Rolling Stone has been an iconic benchmark in the music industry ever since founders Jann Wenner and Ralph J. Gleason introduced the magazine to the San Francisco streets in the late ’60s. Whereas the publication was once driven by the music of the baby-boomer generation and politically bolstered by the likes of Hunter S. Thompson, it has adapted over the years to appeal to a younger audience, swiftly loosening its coverage to include all manners of popular music. Likewise, the publication’s Spotify app is tailored to showcase a wide swath of genres, from primitive folk to electropop, from new and old artists alike. The app is divided into four sections — Home, Playlists, Albums and Songs — each featuring a different type of content. Playlists gleans some of the best tracks from Rolling Stone contributors, as well as those handpicked by noteworthy musicians such as David Guetta, Melissa Etheridge, while Albums and Songs provide tracks and the same accompanying reviews you’d likely find in the print edition of the magazine. The innate page layout for the albums reviews is gorgeous, with red highlights and the kind of intuitive navigation we only wish Spotify would adopt.
Whether Classify refers to classy or classical music, there’s a market for that sort of thing. The popular app is heavily intertwined with classical composers and compositions, ditching the heavily-distorted electric guitar and furious percussion in favor of the clarinet, harpsichord, oboe and other instruments of the classical canon. Users can break down classic works by a hodgepodge of instruments and assorted moods, or simply click a bust of famous composers like Mozart and Bach to quickly dip into their respective catalogs. Additional tools for filtering pieces by themes (i.e. ballets, concertos and chamber music) and eras (i.e. baroque, contemporary and renaissance) are also available, with modern composers being those soundtracking today’s full-length films and video game scores. The options are extensive, coupled with related news and brief album reviews, and offer ample background information on composers in addition to a trove of musical discovery techniques. I, for one, didn’t know Beethoven began going deaf during his late ’20s. Talk about bad luck.
Jazz often exudes the kind of snobbery most of us try to avoid, or worse, feel intimidated by. However, the Blue Note Records has put together one of the finest collections of jazz records ever assembled within an app, capitalizing on nearly 500 records that have graced the prestigious label since its inception in the late ’30s. The Blue Note app is designed to be a portal for those just stepping into jazz, along with those well-versed in the genre, offering a bundle of features tailored for discovering classic players such as John Coltrane and Eddie Hubbard in addition to more recent artists.
Users can browse albums using the interactive timeline within the Home panel, scan historical artist profiles and learn the essentials from the Blue Note 101 section. Furthermore, the app pairs slices of original albums alongside those which sampled the tracks, showcasing how the jazz legacy has been subtly incorporated into albums from a Tribe Called Quest to Blue Scholars. It’s not merely the ability to stream albums making Blue Note a standout, but the wealth of detailed information putting it all in perspective.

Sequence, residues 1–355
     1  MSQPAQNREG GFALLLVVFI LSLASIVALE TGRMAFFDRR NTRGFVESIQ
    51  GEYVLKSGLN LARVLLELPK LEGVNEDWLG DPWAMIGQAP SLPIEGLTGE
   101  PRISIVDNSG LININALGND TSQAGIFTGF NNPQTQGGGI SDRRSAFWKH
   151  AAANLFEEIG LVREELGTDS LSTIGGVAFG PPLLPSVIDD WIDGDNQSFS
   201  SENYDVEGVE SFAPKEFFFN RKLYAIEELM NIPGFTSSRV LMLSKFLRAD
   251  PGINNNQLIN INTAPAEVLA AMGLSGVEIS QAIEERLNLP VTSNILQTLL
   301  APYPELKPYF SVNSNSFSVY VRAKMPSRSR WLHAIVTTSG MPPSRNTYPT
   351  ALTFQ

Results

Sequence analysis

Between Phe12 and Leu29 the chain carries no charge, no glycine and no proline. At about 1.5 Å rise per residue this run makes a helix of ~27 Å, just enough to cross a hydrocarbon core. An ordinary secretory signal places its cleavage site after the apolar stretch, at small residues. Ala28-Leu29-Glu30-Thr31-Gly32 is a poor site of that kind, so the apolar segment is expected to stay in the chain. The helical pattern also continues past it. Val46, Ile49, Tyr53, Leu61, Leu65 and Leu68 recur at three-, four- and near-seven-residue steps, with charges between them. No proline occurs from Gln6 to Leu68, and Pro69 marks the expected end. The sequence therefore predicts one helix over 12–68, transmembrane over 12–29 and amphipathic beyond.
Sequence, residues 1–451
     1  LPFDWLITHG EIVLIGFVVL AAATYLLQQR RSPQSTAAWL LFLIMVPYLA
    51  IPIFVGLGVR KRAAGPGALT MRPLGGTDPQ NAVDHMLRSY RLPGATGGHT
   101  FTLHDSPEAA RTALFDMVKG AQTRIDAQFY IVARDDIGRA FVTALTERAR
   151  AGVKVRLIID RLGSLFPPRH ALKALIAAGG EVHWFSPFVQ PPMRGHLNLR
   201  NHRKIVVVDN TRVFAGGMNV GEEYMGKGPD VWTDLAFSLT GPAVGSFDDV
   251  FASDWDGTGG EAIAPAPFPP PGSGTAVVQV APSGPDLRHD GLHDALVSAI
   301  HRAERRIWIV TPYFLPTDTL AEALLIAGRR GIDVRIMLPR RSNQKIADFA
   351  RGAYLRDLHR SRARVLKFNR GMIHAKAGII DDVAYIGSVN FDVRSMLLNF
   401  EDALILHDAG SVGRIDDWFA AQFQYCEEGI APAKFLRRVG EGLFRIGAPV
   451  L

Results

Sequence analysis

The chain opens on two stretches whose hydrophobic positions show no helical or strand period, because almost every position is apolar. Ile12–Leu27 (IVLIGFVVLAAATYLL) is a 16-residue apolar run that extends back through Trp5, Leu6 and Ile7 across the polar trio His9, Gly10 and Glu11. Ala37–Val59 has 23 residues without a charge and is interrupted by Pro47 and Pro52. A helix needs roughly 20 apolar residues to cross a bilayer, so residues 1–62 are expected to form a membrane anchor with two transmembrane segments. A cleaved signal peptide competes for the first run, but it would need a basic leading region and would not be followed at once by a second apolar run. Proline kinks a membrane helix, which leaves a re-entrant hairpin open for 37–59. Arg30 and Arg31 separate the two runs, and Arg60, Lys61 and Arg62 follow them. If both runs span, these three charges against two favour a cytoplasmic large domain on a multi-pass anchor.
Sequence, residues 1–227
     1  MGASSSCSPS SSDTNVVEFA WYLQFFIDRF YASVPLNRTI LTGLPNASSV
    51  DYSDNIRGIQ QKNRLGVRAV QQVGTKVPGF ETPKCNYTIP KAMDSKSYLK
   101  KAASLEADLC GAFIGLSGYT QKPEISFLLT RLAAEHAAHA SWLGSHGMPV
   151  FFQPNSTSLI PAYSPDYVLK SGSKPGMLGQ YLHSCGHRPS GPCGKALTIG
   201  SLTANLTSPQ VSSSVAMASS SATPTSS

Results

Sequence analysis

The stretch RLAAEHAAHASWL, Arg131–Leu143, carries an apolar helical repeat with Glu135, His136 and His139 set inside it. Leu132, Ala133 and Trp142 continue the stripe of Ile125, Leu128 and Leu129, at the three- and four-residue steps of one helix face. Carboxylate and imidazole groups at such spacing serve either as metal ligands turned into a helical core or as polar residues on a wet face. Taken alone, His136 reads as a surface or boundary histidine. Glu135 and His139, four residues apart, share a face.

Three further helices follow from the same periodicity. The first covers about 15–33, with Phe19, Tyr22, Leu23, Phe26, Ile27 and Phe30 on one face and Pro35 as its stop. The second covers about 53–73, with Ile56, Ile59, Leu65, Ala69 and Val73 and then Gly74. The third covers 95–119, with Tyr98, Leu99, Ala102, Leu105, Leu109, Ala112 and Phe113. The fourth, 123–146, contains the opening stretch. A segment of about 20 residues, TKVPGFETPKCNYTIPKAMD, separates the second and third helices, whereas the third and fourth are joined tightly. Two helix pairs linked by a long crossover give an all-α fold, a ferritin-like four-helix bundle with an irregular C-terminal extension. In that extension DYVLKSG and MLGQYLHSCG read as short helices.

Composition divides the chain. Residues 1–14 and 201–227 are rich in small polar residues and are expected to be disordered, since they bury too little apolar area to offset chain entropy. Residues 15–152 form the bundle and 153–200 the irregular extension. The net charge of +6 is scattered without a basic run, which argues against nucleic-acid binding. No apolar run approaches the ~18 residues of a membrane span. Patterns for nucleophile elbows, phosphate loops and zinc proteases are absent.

With Twitter #Music possibly its way out, it’s hard to say what fate will befall upon the social networking giant’s Spotify app. For now however, it remains one of the best ways to discover and quickly listen to the popular songs trending in the musical blogosphere and social media. Conveniently sorted into five grid-intensive sections — Superstars, Popular, Emerging, Unearthed, and Hunted — the app allows users shuffle through a variety of well-known and lesser-known with a single click.
Whereas Superstars might include the likes of Eminem and Katy Perry, the Popular tab will feature artists trending on Twitter regardless of their clout. The Hunted panel, an ode to Twitter’s recent accusation of San Franciso-based startup We Are Hunted, curates the top tracks surfacing on melange of popular music blogs, while the Unearthed panel highlights hidden talents found within tweets. Clicking an image in the center automatically plays a song, while additional options for viewing the artists’ discography and similar artists can be accessed from directly in the app. It’s far better than the Web version of the software, and quite frankly, the best way to stay up to snuff with what most people are listening to at any given moment.
If you move from a small town to the big city, you might be somewhat overwhelmed by the amount of bands rolling through every weekend (I know I was). Much like the Bandsintown Concerts app, Songkick Concerts provides a simple means for tracking all of your favorite artists’ touring schedules within Spotify. Once added to the service, the app scans your music and various playlists housed within your library, subsequently creating a personalized calender of upcoming shows within your designated area. Each concert is listed by date and accompanied with additional information regarding the full lineup and venue directions, along with five of the artists’ top tracks for direct streaming within the app. Links to purchase tickets are also on-hand, along with an overaching view of all concerts within your region for a specified date, and the the app can scour multiple locations simultaneously if added. Plus, a built-in calender lists any shows you’ve previously decided to attend for quick reference so you’ll always know what’s coming up. The app is no more complicated than need … and sometimes that’s enough in and of itself.
What do you think of our selection of the best Spotify apps? Did we miss any standouts? Let us know in the comments below.